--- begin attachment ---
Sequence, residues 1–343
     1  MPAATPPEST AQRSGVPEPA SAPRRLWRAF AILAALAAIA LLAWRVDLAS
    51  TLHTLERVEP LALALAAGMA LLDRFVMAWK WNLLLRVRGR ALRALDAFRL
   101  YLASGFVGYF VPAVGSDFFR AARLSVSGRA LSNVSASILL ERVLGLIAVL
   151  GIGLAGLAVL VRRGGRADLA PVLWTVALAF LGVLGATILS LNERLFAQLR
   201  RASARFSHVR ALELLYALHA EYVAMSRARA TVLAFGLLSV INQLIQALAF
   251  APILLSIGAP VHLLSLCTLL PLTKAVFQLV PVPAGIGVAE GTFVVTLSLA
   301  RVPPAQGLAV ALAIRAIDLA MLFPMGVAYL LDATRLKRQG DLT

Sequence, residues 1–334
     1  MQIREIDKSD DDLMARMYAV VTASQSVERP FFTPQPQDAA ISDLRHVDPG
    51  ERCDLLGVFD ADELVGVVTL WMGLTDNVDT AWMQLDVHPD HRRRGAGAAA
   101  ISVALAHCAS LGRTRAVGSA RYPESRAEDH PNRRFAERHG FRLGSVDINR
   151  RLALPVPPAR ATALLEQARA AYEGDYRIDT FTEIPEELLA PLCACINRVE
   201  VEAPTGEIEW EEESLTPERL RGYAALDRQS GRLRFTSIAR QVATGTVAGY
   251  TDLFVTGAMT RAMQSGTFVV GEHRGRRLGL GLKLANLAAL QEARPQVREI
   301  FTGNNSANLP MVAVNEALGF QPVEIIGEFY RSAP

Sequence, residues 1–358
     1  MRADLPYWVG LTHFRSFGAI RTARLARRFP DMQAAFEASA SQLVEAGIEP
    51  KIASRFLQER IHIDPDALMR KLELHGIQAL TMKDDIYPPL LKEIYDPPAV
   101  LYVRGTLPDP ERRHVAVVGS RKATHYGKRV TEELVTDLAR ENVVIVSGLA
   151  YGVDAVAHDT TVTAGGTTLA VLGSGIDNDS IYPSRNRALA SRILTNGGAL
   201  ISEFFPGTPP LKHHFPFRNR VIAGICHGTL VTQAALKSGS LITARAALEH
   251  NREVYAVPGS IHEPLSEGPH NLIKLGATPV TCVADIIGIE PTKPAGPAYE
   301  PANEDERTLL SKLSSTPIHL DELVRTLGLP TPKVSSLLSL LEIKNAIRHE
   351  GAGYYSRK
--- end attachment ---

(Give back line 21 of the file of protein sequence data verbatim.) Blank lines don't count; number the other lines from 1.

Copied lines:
   151  YGVDAVAHDT TVTAGGTTLA VLGSGIDNDS IYPSRNRALA SRILTNGGAL